THE MUDGE POND EXPRESS by Sam Posey

THE MUDGE POND EXPRESS

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KIRKUS REVIEW

A very fine biography of a race car driver. Posey began life as a fat boy who had everything (money, good schools, travel) but never won anything until he got behind an Alfa Romeo at Lime Rock. From then on, it was the amateur sports car racing circuit--Can-Am, Trans-Am, Formula 5000, Le Mans, Daytona, and Indy. But he never won the big ones, or realized his dream of driving in the Grand Prix: the car always ran out of gas, or the brakes blew on the final stretch, or someone forced him into a crash or spin. Posey quickly conveys the frustrations and complexities of this most expensive and dangerous of all sports: the corporate wheeling-and-dealing to get sponsorship; the considerations involved in picking the right team, and choosing an engine or car design. Especially appealing is his disarming candor--he is still in awe of some of the more famous drivers he races against--though one suspects that his sense of humor about both his career and private life may ironically be the very thing that keeps him from the kind of single-minded determination that top winners need. The man has charm and talent--even when he's not behind his easel painting or in the driver's seat of his accelerating car.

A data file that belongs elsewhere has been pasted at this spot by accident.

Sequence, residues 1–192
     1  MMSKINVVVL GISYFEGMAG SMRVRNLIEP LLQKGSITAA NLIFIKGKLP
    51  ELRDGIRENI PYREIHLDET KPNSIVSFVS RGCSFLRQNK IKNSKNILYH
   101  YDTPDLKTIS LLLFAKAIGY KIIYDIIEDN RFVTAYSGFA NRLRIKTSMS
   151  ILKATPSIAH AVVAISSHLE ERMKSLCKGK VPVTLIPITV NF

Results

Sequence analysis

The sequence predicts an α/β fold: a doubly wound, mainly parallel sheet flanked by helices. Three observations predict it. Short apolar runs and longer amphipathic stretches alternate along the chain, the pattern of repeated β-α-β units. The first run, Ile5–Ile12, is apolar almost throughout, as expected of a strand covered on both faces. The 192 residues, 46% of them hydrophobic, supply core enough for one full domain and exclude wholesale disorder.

Pub Date: Feb. 13th, 1975
Publisher: Putnam